Google is reportedly weighing the possibility of charging subscription fees for its controversial AI-powered online search features.

A subscription plan would mark the first time in Googles history that it has charged for use of its search engine. Google risk additional scrutiny from regulators, including the Justice Department, which is in the midst of a landmark antitrust lawsuit targeting the Big Tech firms alleged monopoly over the online search market.

The unspecified AI search features could be added to Googles existing premium subscription services, which already offer the companys Gemini AI assistant within its Gmail and Docs products, the Financial Times reported Thursday, citing sources familiar with the situation.

Google executives reportedly have yet to decide whether to implement the concept, which is nevertheless said to be in active development.

The companys regular search engine would still be free to use.

Both the premium and free search products would show ads.

Google said it doesnt have anything to announce right now regarding its plans.

For years, weve been reinventing Search to help people access information in the way thats most natural to them, Google said in a statement. With our generative AI experiments in Search, weve already served billions of queries, and were seeing positive Search query growth in all of our major markets. Were continuing to rapidly improve the product to serve new user needs.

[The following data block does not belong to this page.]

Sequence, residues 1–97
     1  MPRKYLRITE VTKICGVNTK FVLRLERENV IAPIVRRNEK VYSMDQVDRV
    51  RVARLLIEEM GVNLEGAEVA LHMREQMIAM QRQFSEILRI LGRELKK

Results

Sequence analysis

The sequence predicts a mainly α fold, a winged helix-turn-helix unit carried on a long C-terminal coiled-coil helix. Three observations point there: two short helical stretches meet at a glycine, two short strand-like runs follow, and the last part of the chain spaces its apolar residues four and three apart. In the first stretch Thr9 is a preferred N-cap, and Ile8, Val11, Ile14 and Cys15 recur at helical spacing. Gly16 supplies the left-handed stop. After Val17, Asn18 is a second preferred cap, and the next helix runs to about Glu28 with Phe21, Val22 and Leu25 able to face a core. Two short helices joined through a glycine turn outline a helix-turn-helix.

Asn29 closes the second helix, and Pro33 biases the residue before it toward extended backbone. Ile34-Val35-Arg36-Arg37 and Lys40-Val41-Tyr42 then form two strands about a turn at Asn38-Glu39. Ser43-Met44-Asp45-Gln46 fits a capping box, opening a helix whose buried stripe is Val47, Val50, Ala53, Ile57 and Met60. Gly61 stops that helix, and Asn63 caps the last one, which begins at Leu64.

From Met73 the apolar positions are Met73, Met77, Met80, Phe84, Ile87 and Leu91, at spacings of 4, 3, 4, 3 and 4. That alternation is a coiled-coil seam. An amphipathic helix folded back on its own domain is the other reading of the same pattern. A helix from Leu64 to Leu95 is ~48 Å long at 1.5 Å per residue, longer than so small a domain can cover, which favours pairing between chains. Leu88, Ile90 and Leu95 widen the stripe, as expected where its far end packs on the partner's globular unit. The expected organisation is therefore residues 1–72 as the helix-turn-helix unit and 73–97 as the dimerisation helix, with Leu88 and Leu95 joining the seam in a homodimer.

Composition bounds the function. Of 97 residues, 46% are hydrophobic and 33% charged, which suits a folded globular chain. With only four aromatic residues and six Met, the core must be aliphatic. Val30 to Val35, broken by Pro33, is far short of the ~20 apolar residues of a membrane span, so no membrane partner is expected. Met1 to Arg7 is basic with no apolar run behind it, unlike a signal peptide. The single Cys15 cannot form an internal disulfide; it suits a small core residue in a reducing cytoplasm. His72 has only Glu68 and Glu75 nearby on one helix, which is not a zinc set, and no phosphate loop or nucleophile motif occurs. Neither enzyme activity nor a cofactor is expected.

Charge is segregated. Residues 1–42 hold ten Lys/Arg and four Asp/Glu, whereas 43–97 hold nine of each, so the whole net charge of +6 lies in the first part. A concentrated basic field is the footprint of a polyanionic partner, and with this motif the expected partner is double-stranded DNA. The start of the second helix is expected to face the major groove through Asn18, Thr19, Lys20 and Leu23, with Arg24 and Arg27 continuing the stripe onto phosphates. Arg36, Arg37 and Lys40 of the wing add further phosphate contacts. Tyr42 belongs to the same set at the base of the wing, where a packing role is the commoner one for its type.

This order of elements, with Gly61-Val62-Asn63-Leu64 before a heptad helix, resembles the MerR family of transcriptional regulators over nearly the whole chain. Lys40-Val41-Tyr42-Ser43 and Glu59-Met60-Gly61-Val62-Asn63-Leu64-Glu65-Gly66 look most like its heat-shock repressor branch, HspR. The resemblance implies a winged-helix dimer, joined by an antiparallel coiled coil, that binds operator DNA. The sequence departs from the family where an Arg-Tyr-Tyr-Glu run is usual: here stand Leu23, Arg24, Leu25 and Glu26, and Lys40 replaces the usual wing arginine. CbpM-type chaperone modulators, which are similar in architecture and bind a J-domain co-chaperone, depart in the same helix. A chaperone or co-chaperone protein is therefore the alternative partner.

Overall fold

The companys stock fell about 1.5% in early trading Thursday.

The internal deliberations are the latest sign of Googles scramble to integrate AI into its products. The company has been testing its so-called Search Generative Experience since last year.

As The Post has reported, lawmakers fear the addition of AI-powered search could further entrench Googles monopoly over the online search market unless regulators intervene.

A federal judge is expected to hear final arguments in the DOJs antitrust suit against Google next month, with a verdict on whether the company has maintained an illegal monopoly projected later this year.

DOJ lawyers focused on Googles use of billions of dollars in payments to Apple and other partners to ensure its search engine is enabled by default on most smartphones.

Googles search empire remains its primary source of revenue, with online ad sales hitting a massive $175 billion last year alone.

Scrutiny over Googles AI ambitions has intensified since February, when the company unveiled a highly-touted update for its Gemini chatbot only for it to begin spitting out historically inaccurate AI-generated pictures such as Black Vikings and Native American Founding Fathers.

Google later disabled the image generation tool and apologized.

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Despite the high-profile hiccups, a report last month said Apple is in talks to use Google Gemini to power some AI features on its iPhones.

One well-connected tech policy insider described the negotiations as brazen to say the least.

Google is awaiting a verdict as we speak on similar issues relating to search defaults, and Apple itself is reportedly facing an imminent antitrust complaint from DOJ, the insider told The Post.